Please use this identifier to cite or link to this item: http://hdl.handle.net/2440/78409
Citations
Scopus Web of Science® Altmetric
?
?
Type: Journal article
Title: A probabilistic quantification of the anthropogenic component of twentieth century global warming
Author: Wigley, T.
Santer, B.
Citation: Climate Dynamics, 2013; 40(5):1087-1102
Publisher: Springer-Verlag
Issue Date: 2013
ISSN: 0930-7575
1432-0894
Statement of
Responsibility: 
T. M. L. Wigley, B. D. Santer
Abstract: This paper examines in detail the statement in the 2007 IPCC Fourth Assessment Report that “Most of the observed increase in global average temperatures since the mid-twentieth century is very likely due to the observed increase in anthropogenic greenhouse gas concentrations”. We use a quantitative probabilistic analysis to evaluate this IPCC statement, and discuss the value of the statement in the policy context. For forcing by greenhouse gases (GHGs) only, we show that there is a greater than 90 % probability that the expected warming over 1950–2005 is larger than the total amount (not just “most”) of the observed warming. This is because, following current best estimates, negative aerosol forcing has substantially offset the GHG-induced warming. We also consider the expected warming from all anthropogenic forcings using the same probabilistic framework. This requires a re-assessment of the range of possible values for aerosol forcing. We provide evidence that the IPCC estimate for the upper bound of indirect aerosol forcing is almost certainly too high. Our results show that the expected warming due to all human influences since 1950 (including aerosol effects) is very similar to the observed warming. Including the effects of natural external forcing factors has a relatively small impact on our 1950–2005 results, but improves the correspondence between model and observations over 1900–2005. Over the longer period, however, externally forced changes are insufficient to explain the early twentieth century warming. We suggest that changes in the formation rate of North Atlantic Deep Water may have been a significant contributing factor.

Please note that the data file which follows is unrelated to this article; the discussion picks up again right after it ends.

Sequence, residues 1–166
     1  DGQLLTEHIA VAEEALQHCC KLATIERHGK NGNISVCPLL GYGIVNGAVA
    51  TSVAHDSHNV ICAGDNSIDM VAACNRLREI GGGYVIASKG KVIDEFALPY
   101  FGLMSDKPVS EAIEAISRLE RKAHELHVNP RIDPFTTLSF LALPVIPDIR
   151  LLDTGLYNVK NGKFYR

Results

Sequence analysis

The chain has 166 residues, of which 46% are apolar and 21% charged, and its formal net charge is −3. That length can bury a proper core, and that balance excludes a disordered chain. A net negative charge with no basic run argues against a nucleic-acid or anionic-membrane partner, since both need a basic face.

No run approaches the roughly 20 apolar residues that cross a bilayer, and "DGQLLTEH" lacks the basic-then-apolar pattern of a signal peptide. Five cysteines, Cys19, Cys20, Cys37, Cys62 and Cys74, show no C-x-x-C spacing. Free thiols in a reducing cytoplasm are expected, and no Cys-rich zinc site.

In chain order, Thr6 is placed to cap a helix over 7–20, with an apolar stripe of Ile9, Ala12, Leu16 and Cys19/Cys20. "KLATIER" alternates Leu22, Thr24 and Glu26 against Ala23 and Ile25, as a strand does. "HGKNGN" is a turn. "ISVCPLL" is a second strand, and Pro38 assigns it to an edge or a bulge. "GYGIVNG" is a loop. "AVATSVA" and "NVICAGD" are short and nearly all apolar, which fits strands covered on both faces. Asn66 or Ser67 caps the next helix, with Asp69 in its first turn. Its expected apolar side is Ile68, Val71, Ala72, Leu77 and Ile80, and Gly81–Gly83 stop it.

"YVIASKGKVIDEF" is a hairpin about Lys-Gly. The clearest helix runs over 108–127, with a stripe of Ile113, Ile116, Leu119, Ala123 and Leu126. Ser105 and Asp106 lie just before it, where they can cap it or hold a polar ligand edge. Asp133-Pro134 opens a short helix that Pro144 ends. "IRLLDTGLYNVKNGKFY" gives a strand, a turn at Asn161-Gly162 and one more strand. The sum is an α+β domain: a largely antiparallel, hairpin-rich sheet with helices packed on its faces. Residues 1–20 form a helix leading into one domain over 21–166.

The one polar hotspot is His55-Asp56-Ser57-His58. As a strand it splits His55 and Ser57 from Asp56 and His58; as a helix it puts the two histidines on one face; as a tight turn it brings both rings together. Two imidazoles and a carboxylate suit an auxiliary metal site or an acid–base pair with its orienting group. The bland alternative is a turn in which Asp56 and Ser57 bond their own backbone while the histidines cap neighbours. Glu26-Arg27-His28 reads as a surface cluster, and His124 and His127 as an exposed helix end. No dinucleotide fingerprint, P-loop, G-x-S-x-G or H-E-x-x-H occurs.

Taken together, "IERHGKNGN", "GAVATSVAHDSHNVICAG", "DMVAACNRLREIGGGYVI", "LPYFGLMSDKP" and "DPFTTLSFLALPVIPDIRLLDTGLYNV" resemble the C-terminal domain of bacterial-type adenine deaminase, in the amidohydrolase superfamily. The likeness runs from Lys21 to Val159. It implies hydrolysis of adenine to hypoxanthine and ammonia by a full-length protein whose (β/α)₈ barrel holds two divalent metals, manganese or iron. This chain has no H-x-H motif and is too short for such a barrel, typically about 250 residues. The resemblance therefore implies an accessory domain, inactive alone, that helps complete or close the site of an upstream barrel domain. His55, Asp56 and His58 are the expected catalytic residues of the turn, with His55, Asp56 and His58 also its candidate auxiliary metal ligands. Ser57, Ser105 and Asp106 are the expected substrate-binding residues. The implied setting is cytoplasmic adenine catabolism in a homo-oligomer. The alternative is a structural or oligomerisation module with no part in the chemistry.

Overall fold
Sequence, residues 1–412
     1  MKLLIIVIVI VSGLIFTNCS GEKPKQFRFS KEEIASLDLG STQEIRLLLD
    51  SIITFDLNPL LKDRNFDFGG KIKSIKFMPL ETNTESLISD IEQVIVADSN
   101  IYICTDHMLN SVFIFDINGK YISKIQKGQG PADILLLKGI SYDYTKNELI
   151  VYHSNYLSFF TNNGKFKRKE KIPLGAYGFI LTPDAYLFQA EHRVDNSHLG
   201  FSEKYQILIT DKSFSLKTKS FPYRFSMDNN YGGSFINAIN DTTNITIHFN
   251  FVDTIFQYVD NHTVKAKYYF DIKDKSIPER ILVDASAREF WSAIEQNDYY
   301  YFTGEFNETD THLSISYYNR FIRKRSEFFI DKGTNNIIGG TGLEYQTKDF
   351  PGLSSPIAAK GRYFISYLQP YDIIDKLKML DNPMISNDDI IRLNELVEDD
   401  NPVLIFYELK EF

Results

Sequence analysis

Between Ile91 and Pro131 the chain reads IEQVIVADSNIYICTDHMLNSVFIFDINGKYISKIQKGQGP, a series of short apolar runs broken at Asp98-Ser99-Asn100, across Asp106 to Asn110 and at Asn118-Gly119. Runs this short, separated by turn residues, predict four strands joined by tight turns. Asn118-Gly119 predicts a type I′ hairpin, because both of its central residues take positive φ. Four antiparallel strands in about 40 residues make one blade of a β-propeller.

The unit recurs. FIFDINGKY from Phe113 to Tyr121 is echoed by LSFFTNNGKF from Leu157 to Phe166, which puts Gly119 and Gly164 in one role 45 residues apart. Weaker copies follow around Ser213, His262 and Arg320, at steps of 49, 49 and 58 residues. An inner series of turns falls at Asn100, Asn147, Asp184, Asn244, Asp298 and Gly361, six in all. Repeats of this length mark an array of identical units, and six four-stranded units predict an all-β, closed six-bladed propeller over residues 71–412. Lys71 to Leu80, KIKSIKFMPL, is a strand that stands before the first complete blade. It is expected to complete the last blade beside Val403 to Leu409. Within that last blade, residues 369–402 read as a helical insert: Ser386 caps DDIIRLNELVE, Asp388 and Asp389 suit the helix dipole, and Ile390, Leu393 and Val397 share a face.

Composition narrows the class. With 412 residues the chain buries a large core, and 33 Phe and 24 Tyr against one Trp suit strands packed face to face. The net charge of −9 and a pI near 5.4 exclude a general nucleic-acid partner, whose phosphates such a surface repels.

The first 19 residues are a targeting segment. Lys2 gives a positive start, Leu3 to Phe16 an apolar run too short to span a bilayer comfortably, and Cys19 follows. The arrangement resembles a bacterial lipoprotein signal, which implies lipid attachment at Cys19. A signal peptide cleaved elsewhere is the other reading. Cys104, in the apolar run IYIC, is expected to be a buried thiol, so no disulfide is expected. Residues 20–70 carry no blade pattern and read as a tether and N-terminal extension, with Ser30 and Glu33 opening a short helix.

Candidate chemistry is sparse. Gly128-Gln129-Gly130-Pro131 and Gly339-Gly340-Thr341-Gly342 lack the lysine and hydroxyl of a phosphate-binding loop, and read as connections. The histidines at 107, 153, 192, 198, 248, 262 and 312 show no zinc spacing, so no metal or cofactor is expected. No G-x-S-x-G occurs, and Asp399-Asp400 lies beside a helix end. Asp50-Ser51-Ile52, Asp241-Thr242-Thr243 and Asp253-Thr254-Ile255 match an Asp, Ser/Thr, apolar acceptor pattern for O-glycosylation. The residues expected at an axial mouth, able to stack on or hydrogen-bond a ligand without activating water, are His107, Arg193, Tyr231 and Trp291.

Keywords: Global warming; Probabilistic calculations; Climate; Human influences; Solar forcing; NADW; Aerosol forcing
Rights: © Springer-Verlag Berlin Heidelberg 2012
RMID: 0020125852
DOI: 10.1007/s00382-012-1585-8
Appears in Collections:Earth and Environmental Sciences publications
Environment Institute Leaders publications

Files in This Item:
There are no files associated with this item.


Items in DSpace are protected by copyright, with all rights reserved, unless otherwise indicated.